31 for 21: Day 9: corner view: before & after

Corner view is a weekly Wednesday gathering, originally hosted by Jane, now by Francesca. A topic is given and you can see impressions; be it photographic or writerly in form, from around the world. Come see the world’s corner view via the links on the sidebar!

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“Which book do you want to read?” I ask thumbing through the shelf of colorful children’s books in the girl’s room. The two older girls, used to the routine shout out approximations of titles as they push past me to grab the latest Junie B. Jones and seasonal antics of Clifford and George. The baby teeters on the edge of the bed railing, surely tempting fate as she grins at our far-from-soothing bedtime routine. Lovey comes in and we settle ourselves into the bed for a few minutes of minding our storytime manners. I hear of families that read for an hour or more to lull their loves into slumber and that is not us. Not our lot in life. As difficult as that may be to bear for a bookaholic and aging philosopher. These children barely sit still long enough to turn the page in a chapter book. To make it to the Good Nighting of the moon is the equivalent of a Kilimanjaro climb most nights.

When Zuzu was a wee nursling in my arms I tried to do what the “good parent” books prescribed. I would find a sleepy Sandra Boynton rhyme to read to her as she settled into my arms. Her tiny fists grabbed those board books and whipped them away from us before Little Pookie could tell us what was wrong. Later as I would settle her at a safe arms distance in front of me I’d let the swing rock her to the sound of my voice. As soon as she was old enough to make her protests understood she would take the book back from me and insist on “reading” it herself. Storytime at the library, one of my most treasured childhood memories was a flaming disaster. As other children were rapt with the Librarian’s multitude of voices, I chased Zuzu, angling my body so she could see the stern look on my face as I retaped the decorations back to the wall, alternating that sternness with apologetic glances to the other mothers. Eventually I gave in. It was too much and frankly wrecking my nerves right along with my happy childhood memories. So instead we went to the park, to gymnastics, to the bouncehouses and we let Zuzu be the one to “read” to her babydolls instead.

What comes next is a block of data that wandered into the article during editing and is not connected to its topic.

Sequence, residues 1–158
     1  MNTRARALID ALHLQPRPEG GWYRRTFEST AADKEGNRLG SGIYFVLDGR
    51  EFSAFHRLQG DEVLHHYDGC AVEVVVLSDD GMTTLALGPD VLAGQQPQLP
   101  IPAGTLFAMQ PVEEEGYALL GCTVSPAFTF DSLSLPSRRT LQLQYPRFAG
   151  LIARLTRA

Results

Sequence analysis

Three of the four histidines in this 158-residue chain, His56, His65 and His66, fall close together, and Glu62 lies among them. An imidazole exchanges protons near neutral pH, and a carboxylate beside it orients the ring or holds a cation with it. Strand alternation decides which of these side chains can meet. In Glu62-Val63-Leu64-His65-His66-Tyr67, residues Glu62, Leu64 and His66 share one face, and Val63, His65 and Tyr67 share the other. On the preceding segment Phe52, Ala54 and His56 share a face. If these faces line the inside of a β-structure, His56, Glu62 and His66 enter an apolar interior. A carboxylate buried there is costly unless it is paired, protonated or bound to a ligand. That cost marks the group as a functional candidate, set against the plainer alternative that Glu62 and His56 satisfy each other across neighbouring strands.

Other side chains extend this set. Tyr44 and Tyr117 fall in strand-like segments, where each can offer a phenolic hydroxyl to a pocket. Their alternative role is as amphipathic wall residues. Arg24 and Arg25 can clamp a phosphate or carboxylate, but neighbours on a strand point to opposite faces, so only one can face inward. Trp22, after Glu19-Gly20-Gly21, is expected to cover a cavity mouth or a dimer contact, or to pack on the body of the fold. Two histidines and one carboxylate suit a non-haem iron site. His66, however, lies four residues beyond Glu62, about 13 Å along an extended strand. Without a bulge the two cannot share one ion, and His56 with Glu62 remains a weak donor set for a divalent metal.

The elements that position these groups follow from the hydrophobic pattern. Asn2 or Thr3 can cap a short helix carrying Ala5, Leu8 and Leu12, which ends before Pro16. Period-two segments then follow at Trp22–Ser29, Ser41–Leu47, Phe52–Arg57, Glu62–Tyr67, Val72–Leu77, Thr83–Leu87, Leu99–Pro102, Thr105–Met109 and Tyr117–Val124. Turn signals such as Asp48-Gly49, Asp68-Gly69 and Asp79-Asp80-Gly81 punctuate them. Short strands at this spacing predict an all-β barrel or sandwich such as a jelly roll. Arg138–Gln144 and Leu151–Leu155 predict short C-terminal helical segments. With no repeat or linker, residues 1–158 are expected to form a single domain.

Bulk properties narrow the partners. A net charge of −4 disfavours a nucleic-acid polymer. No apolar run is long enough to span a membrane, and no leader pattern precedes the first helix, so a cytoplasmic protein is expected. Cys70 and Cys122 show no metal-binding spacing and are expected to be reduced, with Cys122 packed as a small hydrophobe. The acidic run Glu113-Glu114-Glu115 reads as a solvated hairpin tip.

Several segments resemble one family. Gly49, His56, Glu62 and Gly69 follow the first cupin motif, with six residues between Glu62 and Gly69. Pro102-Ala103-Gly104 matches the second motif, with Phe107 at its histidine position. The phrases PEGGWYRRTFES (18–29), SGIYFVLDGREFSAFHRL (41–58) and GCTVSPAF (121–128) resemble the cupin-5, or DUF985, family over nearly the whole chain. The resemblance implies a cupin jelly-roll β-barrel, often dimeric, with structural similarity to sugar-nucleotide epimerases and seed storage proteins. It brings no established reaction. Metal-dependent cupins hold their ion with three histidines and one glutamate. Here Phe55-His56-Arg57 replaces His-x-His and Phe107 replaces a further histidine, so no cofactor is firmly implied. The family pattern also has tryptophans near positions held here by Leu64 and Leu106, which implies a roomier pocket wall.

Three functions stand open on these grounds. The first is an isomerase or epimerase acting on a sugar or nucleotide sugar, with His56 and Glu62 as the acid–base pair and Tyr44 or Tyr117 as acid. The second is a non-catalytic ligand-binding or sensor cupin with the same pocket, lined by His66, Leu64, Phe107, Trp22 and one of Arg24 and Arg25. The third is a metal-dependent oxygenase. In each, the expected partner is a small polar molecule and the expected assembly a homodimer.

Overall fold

When the Quail came along though, it was a different story. Oh how she loved to be read to! Her small voice would answer with a tiny moo to Ms. Boynton’s question of what a cow says. Once the words on the page formed a pattern for Zuzu, she would take it upon herself to slowly work her way through pieces of our treasury letting the Quail fill in when she could.

Along came Sugarplum. Once you sat down on the floor, she would back herself into your lap and reach to turn the pages along with you. As long as you were reading only to her. Her protests of little No’s rising up over our rhyming as her sisters would now come running to the parent parked at eye level. Come bedtime,  she’s the first to dogpile her sisters as they line up their loveys and blankies for the night’s rest. “Storytime Manners” is the code word reminding everyone to pause. To listen. As one by one we share our part of the story. The read to becomes the reader. The baby becomes the school-age child. The childhood dream reshapes itself into the present day.

We try a little harder to pause a bit longer as the newly-minted seven-year old stumbles through a page of Junie B, holding out the picture to her sister  who in turn, press her hand to her own chest. “My turn.” Insists the Quail as her parents yawn and suggest only 2 more pages. The Quail practices her site words as they float up from the Boynton books. “Red hat. Green hat. Blue hat. Oops.” Her ‘s’ sound magnified in her effort to enunciate each sound she sees. The baby claps along with us in praise of her sister’s accomplishment before lunging over the side of the bed railing yet again, caught up by her ankle at the last possible second before we insist it is time to rest one last time.


31 for 21: Day 4: five minute friday: write

…where a brave and beautiful bunch gather every week to find out what comes out when we all spend five minutes writing on the same topic and then sharing ‘em over here.

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I pull the tub’s drain cover and wrap the toddling Quail in her towel, just as Zuzu positions herself at the stepstool between us. “H-A-T” she recites pushing the small square of paper over to me. And there it is, in her four-year-old scrawl. She licks the graphite tip of the pencil mildly as I grin over at her.

“Was Daddy helping you write about his hat?”
“No Momma- I did it. I wrote it.”

And just like that, she cartwheeled into the world of big kids. She did it herself. Probably someone unknown to us helped her figure it out- but as far as our parental involvement was concerned her ability to write and spell and read and talk appeared like magic.

“If I make the dots large enough, she knows now to connect them and form the A. She’s getting good at it. These three were hand over hand, but this one here on the end she did on her own!” Our Early Intervention worker handed over the orange construction paper for us to pin to our fridge a few months ago. Since then they have worked diligently on the next letter in her name with a goal of fading back the prompts and her writing her first name independently before her fifth birthday.